Ambassador Ford’s claims about TOW missiles during his interview with Aaron Mate should be viewed in this context. Ford’s denial that large numbers of TOW missiles fell into Nusra’s hands is likely not correct (Nusra may have captured 80 TOW missiles from the SRF alone, as mentioned above). But even if his denial is correct, U.S. planners nevertheless knew that Nusra would be the beneficiary of TOW missile shipments to FSA groups allied and subordinate to Nusra, just as Turkish officials had acknowledged this of their own support to the Jaish al-Fatah coalition. Further, TOW missile shipments to FSA groups continued long after their collaboration with Nusra became clear. This clearly shows intent on the part of US planners.
The creation of Jaish al-Fatah was itself part of a Qatari effort to re-brand Nusra, making it easier for America’s regional allies to provide weapons and financing to the group, despite its designation as a terrorist organization. Writing in Foreign Affairs, Aymann al-Tamimi and Daveed Gartenstein-Ross acknowledged tacit U.S. support for arming al-Qaeda’s Syrian affiliate, writing that Nusra “now openly receives financial and other material support from major U.S. allies,” and that U.S. planners “have not gone out of their way to end the support.” Of course, Nusra had long been receiving support from major U.S. allies, but not openly, as was acknowledged by Qatari prime minister Hamad bin Jassim bin Jaber al-Thani in 2017.
On March 24, 2015, some 6,000 Jaish al-Fatah fighters began the assault on Idlib city by dispatching suicide bombers against Syrian army checkpoints. U.S.-supplied TOW missiles in turn complemented Nusra’s suicide bombers. Thomas Joscelyn of the Foundation for the Defense of Democracies (FDD) reported that, “Al Nusrah released a video featuring a TOW missile attack in the early hours of the jihadists’ newly-launched offensive against Syrian regime forces in the city of Idlib. . . . It is unclear how many TOW missiles Al Nusrah has in its possession. But it is clear from the videos and pictures published on social media that the group has a stockpile of the weapons, which were captured from Western-backed rebel groups.”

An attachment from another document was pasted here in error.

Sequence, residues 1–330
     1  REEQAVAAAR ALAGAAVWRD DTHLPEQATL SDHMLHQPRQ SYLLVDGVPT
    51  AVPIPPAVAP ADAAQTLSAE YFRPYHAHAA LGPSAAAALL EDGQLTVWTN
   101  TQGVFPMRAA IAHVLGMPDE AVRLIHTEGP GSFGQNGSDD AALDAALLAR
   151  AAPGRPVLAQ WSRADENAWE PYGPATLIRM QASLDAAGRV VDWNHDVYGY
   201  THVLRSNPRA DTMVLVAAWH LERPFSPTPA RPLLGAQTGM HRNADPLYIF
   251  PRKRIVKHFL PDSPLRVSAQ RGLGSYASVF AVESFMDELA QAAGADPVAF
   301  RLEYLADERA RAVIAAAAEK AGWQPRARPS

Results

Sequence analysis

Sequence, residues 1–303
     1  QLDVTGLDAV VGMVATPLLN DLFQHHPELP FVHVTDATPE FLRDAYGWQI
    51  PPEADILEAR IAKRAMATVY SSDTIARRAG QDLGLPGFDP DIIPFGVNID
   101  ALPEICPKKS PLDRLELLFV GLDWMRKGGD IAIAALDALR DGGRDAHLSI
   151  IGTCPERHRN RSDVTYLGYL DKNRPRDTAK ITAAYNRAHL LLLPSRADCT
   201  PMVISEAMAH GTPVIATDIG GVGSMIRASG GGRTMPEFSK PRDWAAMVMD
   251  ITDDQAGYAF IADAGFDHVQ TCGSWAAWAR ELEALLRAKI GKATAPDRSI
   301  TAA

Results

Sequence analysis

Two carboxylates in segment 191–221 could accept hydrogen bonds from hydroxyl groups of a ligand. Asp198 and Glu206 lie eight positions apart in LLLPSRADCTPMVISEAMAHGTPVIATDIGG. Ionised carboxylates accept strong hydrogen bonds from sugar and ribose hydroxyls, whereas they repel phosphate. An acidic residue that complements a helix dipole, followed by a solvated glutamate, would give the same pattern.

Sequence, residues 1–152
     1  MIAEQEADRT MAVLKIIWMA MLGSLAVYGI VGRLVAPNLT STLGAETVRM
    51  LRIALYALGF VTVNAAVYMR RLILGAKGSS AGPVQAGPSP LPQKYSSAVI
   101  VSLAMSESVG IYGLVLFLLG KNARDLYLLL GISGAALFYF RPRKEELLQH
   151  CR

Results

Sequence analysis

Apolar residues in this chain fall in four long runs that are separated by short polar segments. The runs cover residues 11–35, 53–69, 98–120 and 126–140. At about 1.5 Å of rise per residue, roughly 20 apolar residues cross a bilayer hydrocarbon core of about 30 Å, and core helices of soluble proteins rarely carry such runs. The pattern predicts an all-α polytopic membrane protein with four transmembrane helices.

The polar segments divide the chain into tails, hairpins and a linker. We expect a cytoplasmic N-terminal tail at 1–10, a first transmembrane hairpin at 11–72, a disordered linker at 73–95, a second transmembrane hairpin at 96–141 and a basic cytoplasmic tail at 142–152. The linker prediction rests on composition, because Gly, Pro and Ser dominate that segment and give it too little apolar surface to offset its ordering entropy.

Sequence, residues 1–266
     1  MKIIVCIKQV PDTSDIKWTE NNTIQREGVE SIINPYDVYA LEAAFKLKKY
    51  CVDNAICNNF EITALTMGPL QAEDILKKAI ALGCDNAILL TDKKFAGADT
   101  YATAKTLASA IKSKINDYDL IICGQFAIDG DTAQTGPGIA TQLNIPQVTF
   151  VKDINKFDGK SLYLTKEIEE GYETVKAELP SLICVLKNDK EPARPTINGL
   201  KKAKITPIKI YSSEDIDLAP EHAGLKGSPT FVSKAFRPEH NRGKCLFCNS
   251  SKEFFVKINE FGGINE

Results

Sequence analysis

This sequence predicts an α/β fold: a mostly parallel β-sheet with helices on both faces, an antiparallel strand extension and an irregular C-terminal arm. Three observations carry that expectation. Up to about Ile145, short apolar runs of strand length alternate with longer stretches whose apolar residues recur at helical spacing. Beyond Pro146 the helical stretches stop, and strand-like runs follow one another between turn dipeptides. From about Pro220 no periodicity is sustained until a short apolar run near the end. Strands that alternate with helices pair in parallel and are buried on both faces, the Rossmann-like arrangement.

But it was not simply TOW missiles captured by Nusra being deployed in the battle. U.S.-backed FSA factions once again deployed the missiles on Nusra’s behalf during the assault, as in Khan Sheikhoun, Wadi Deif, and Hamadiyyah previously. Reuters reports that “Fighting alongside [Jaish al-Fatah], although excluded from a joint command center, are groups which reject the jihadists’ anti-Western aims and say they receive covert support from the CIA. Two of these are called Division 13 and Fursan al-Haq.” Reuters reports further that, “Abu Hamoud, a commander from Division 13, said his group coordinated with Nusra Front, which the United States considers a terrorist organization, but this does not mean it is aligned to it.” It is of course unclear what meaningful distinction can be drawn between cooperating with al-Qaeda to help it conquer territory, and “aligning” with the terror group.
Major Fares al-Bayyoush, commander of the FSA’s Fursan al-Haq brigade, who had previously expressed appreciation for the help “only a jihadi group can provide,” later made clear his group’s role in helping Nusra conquer Idlib. In an October 2015 interview with the Los Angeles Times, Bayyoush explained that “his group’s TOW missiles played an important role in repelling government tanks during a March offensive in Idlib province spearheaded by an Islamist coalition called the Army of Conquest, which includes Al Nusra Front.” Earlier in the week, a U.S. State Department spokesperson justified U.S.-backed FSA groups’ coordination with Nusra, telling the Los Angeles Times as well that, “We are aware that some moderate opposition groups have coordinated tactically with Nusra out of necessity when fighting against the regime and ISIL,” while adding a meaningless disclaimer that, “However, I would emphasize that the United States supports vetted armed opposition groups and takes extensive measures to minimize the risk of assistance falling into the wrong hands.”